A VIP reception desk made of waste wood

On the 6th floor of the Johan Cruyff ArenA, at the entrance of the VIP area, there is a brand new, luxuriously executed hospitality desk. You wouldn't say at first glance that it's made of waste wood. The desk is designed and built, with the help of industrial robots, by researchers and students of the Amsterdam University of Applied Sciences.


The desk was made at the Robot Studio of the Faculty of Technology, guided by the Digital Production Research Group. It is the end result of 2 research projects funded by the KIEM-ce funding of the Taskforce for Applied Research SIA. It is a first step towards designing and producing new furniture and objects from waste wood on a larger scale.

Saved from the incinerator

"From wood trader Fijnhout we got a lot of 300 pieces of residual hardwood. Great quality wood, but in all kinds of different shapes, sizes and colors. Normally this wood is chipped and burned, because you can't make anything with all these loose pieces," says Marta Malé-Alemany, senior lecturer and researcher at the AUAS Digital Production Research Group.

"In our previous KIEM Circl-Wood project, we developed a method in which the computer can make a 3d model based on the pieces of wood available, previously scanned by a robot. With this method we could make the design for the desk based on the pieces of wood from Fijnhout."

3D-design for the wooden desk

The design for the reception desk by AUAS Robot Studio

Every piece in its right position

Project leader and lecturer-researcher Marco Galli adds: "Our algorithm arranges the pieces, as it were. We can adjust the parameters of the overall design. These are the dimensions, for example, but you can also prioritize that you want to place light pieces at the bottom and darker ones at the top of the design. The algorithm ensures that every piece of wood gets the most optimal place in the design. Even the counter tops are made of residual wood. If you still want to make the overall desk design a few centimeters higher or wider, the program will recalculate the arrangement of the pieces in a few seconds."

Unique connection structures

"The computer also generates the joints by which the blocks are connected together, like a lego block. Each of these connections is unique for each wood piece. In this way, no screws or glue need to be used, which is a more durable solution. The robot from the Robot Studio then cuts the pieces to size based on the computational design. Our Robot Studio interns made the construction together with the robot.


The KIEM-ce subsidy of Regieorgaan SIA is intended for 1-year research into circular economy. It also aims at making new connections between universities of applied sciences and companies and other partners in the area of circular economy.

Robo Wood

In addition to Circl Wood, the other project with which the counter was created was Robo Wood. This project was intended to investigate the custom tools needed together with project partners for handling and custom sawing all the wood the pieces, using the robots.

Before that, it was done by hand. That was so labour-intensive that scaling up would never be possible. The research has shown that this is possible to use robotic technologies for upcycling wood.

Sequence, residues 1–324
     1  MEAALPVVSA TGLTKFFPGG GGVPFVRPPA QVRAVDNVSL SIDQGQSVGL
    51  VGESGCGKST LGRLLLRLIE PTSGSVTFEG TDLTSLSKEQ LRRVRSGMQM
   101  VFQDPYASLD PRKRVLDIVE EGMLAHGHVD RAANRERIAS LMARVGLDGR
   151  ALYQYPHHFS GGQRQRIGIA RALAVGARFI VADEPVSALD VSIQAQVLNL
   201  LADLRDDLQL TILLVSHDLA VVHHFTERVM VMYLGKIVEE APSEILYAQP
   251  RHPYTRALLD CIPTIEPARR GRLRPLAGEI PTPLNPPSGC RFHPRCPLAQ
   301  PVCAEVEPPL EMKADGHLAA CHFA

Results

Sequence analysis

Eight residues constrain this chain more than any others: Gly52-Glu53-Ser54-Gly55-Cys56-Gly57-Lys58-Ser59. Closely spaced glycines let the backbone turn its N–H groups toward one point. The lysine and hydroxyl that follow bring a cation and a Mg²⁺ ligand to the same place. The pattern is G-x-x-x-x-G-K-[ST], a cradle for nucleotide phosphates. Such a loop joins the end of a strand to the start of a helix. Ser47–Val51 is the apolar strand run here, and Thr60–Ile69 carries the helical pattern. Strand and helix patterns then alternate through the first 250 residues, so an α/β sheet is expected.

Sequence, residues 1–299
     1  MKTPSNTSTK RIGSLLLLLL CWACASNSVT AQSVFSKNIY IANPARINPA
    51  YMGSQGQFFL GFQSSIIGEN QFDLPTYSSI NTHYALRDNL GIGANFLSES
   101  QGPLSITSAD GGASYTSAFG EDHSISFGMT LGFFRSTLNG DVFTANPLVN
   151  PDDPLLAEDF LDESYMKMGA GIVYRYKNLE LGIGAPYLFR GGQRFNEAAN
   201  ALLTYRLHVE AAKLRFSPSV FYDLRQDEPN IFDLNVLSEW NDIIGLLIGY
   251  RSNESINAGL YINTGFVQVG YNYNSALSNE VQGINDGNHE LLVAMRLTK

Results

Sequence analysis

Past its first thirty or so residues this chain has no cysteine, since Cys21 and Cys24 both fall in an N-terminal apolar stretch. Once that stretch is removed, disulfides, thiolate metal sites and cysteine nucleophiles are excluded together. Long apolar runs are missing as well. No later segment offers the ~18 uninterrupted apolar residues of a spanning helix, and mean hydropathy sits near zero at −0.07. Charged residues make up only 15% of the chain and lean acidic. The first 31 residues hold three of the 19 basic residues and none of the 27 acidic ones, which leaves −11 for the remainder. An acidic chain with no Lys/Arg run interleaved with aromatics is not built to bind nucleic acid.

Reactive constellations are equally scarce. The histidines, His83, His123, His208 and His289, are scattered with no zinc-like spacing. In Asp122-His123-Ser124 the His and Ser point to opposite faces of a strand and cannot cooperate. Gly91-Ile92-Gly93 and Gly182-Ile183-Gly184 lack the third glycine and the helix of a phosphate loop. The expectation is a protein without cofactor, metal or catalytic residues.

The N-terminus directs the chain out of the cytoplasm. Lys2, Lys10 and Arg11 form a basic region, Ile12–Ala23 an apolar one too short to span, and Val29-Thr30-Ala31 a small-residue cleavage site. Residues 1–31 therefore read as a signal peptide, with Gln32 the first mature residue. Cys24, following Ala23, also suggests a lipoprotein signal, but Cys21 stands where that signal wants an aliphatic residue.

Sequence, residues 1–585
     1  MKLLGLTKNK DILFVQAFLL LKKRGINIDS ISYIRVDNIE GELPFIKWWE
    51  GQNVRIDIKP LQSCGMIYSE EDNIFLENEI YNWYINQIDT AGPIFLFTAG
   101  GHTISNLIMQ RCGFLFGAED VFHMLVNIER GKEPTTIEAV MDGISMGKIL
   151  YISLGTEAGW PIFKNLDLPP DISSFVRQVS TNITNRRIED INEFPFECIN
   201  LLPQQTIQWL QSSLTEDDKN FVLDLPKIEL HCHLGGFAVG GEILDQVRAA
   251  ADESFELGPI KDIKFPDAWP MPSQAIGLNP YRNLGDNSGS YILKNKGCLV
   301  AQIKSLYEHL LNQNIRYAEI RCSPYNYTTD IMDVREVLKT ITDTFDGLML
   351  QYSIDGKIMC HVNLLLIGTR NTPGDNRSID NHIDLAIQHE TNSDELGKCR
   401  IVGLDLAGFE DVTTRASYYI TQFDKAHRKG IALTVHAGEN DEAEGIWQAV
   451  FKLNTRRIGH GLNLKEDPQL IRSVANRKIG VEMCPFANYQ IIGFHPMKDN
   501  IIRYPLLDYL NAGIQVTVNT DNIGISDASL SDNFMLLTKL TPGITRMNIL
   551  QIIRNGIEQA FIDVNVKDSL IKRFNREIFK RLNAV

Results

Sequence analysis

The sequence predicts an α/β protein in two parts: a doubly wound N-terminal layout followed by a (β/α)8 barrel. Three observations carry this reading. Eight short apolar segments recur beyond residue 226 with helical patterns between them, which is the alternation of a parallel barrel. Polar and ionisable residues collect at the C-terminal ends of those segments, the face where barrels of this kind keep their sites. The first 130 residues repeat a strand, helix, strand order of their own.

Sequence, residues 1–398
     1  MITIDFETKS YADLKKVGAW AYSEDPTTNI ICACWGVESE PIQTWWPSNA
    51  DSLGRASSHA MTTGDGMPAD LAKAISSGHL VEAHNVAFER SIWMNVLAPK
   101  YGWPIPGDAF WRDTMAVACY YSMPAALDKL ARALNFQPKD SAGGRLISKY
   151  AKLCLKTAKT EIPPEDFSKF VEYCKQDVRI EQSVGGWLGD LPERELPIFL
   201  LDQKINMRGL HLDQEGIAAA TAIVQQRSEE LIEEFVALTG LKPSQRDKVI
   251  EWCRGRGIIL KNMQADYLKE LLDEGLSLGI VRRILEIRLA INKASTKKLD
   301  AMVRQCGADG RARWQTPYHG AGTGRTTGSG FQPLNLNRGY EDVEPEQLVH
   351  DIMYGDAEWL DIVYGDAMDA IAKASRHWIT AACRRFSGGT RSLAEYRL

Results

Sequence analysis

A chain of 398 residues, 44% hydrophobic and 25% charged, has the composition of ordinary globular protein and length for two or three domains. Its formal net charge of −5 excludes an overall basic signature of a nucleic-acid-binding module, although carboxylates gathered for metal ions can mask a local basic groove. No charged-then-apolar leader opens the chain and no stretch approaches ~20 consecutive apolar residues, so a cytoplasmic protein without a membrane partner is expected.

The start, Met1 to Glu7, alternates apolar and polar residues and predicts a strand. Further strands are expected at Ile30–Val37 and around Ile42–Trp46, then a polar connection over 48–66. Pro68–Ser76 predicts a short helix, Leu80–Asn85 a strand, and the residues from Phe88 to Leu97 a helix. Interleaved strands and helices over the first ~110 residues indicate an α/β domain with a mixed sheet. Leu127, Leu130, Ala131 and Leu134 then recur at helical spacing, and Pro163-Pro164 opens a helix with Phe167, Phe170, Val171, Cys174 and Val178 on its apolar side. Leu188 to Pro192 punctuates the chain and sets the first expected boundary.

The results of these 2 projects came together in the reception desk. In fact, on the basis of the KIEM grant, it would only remain with a design, after all, that money was earmarked for research. But our partners of the Johan Cruyff ArenA were so enthusiastic that they actually extended our involvement with a direct commission, to put the counter into production.

Portrait pictures of Marco Galli Caro and Marta Malé Alemany

Marco Galli Caro and Marta Malé Alemany

Beyond a hobby

The next step is to be able to do this on a larger scale, so not with 1 object and 1 residual wood lot, but with larger quantities. The methodology should make this possible, but further research is still needed to optimize it. To start, we want to investigate the design opportunities and business case for making circular wood applications for the horeca sector. This is a sector that understands the value of customization and can help in applying circularity.

The desk at the Johan Cruyff ArenA

The desk at the Johan Cruyff ArenA

A lot of KIEM fundings

Malé-Alemany explains: "In the Digital Production Research Group of AUAS, we make a lot of use of the KIEM fundings of Regieorgaan SIA. Above all, we appreciate the flexibility of these type of grants."

"Our type of research is often a bit pioneering and trying out. Because the duration is short, it makes it easier. The arrangement also makes it possible to work together with a lot of different partners, like, in this case, the Johan Cruyff ArenA and the wood processing companies."

KIEM-projects as a main ingredient

Also, writing an application takes a relatively short time. "By pioneering and combining the results of various KIEM studies, we have not only been able to create the desk, but also to meet good partners for future projects. With them and other parties, we now want to scale up in a larger RAAK-mkb project. For us it works like this: the results of the KIEMs are our ingredients, RAAK projects are our recipes."

Partners and collaborators

Partners in the projects: JC ArenA , Heineken Interior Design , Nijboer Interieur and Amsterdamsche Fijnhout.

Digital Production Researchers: Liselotte Van Dijk, Sebastian Yap, Erno Langenberg

Robot Studio Interns / Design and Production: Lennox Clarke, Fabian Shreurs, Liam Kelly, Stijn Oostra, Nick Stam, Valentijn Bors, Jakob de Koning, Cameron Roeten, Djani Cerneus, Jurriaan Nuijs, Tanie Ali, Finn Buskermolen and David ’t Lam.

Pictures students: Sander Heezen